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I travel a fair bit for work and after a fair bit of searching I can't seem to find any decisive answers on a power issue I often run into.

With most computer parts taking the IEC C13 cable(kettle lead) attached to their local plug variant I am curious if a part actually even requires a step up/down converter if the power source in the country is within the tolerances for that particular device. I deal with a fair bit of high end electronics but often have to rely on these, often unreliable, converters for our displays.

An example would be a monitor we use for one of our displays which has the following power ratings on the label.

Power Rating

Just for reference I think this was purchased in the UK and for power source there is no external power brick, I would hazard a guess and say it has to be an internal converter due to the range on the power rating. The device is just a type G (3-pin plug) as is common for the UK to a IEC C13 (Kettle lead) end.

The question boils down to if in another Country would I be able to use the local kettle lead variant with their plug or is a convertor needed EG the US 3/2 pin or the the AUS 3/2 pin. Also if so would there any considerations that need to be made.

I have spoken with suppliers but they aren't willing to discuss to the topic to any major degree as I would likely be re-buying parts after a converter failure and plugging one in the find is possibly a very expensive way.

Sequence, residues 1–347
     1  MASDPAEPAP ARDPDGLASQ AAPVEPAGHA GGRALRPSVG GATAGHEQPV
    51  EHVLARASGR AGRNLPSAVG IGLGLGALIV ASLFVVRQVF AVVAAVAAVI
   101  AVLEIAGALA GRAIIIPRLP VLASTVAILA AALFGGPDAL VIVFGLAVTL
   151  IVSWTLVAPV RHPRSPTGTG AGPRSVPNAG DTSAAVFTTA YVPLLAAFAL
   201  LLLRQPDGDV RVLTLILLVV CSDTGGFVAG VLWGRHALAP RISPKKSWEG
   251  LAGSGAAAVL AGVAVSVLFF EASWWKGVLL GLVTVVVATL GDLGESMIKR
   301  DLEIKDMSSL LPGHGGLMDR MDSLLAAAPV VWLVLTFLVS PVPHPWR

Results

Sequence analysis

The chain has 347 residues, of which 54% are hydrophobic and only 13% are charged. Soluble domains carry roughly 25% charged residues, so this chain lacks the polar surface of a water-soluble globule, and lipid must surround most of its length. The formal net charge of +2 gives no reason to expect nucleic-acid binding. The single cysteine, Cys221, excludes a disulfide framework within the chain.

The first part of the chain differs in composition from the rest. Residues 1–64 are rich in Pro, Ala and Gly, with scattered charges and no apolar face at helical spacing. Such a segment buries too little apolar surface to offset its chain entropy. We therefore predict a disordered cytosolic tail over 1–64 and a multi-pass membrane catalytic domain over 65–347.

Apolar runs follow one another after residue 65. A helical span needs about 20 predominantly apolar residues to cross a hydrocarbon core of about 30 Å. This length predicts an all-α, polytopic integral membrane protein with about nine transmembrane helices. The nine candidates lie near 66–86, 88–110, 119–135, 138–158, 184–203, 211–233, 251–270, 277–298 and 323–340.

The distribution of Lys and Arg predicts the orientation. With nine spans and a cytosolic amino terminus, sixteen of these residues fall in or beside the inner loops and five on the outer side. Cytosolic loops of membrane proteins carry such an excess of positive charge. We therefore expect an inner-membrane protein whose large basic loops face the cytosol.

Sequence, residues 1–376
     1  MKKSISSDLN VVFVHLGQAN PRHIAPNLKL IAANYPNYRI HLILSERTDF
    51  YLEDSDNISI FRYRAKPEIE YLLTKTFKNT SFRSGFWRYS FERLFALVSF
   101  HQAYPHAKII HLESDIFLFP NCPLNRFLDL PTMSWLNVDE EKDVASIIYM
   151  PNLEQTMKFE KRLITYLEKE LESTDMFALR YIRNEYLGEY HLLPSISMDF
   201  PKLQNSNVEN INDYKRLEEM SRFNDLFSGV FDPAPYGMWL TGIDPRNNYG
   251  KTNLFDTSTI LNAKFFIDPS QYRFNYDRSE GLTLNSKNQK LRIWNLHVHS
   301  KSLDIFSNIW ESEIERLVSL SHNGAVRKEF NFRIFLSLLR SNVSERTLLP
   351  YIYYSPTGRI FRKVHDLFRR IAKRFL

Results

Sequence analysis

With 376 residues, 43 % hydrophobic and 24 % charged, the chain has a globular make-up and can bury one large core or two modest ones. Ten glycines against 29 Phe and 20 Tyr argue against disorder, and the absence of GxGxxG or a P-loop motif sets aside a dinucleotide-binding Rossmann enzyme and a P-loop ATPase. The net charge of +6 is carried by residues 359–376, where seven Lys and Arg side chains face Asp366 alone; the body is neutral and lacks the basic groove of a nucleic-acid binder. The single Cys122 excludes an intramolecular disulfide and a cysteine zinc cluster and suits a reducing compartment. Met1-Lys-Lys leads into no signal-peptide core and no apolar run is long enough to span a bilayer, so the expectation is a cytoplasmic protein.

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If you are dealing with an unmodified piece of commercially sold equipment you should be fine to trust the information on the rating label. That is the whole point of printing that information on the device in the first place.

Older devices often had voltage selection mechanisms and if present you need to take care to ensure that these are set correctly for the mains supply the device will be connected to. Setting a voltage selector to 120V and plugging the device into a 240V supply is likely to cause fireworks. This has fallen out of favour in recent times, nowadays they normally just build power supplies with a wide input range.

It doesn't make any difference from the device's point of view whether you use a plug adapter or swap out the power cord.

If you are dealing with custom built/modified gear it may be wise to talk to those who built/modified it to check that the rating label matches reality.

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    \$\begingroup\$ a device with a voltage selector switch will have a / in the rating label ("110-120/220-240V") \$\endgroup\$ – ThreePhaseEel Dec 24 '17 at 5:08
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100-240V means "universal"

What you're looking at here is what's called a universal input -- it can accept 100V at either 50 or 60Hz (Japanese power), 120V at 60Hz (US single phase power), 240V at 60Hz (US NEMA 6, Philippines, ...), 240V at 50 Hz (European/IEC), or even 208V at 60Hz (US "wild leg" or sometimes phase-to-phase as well).

So, just get the appropriate kettle lead for the country in question and plug 'er in, no converter needed!

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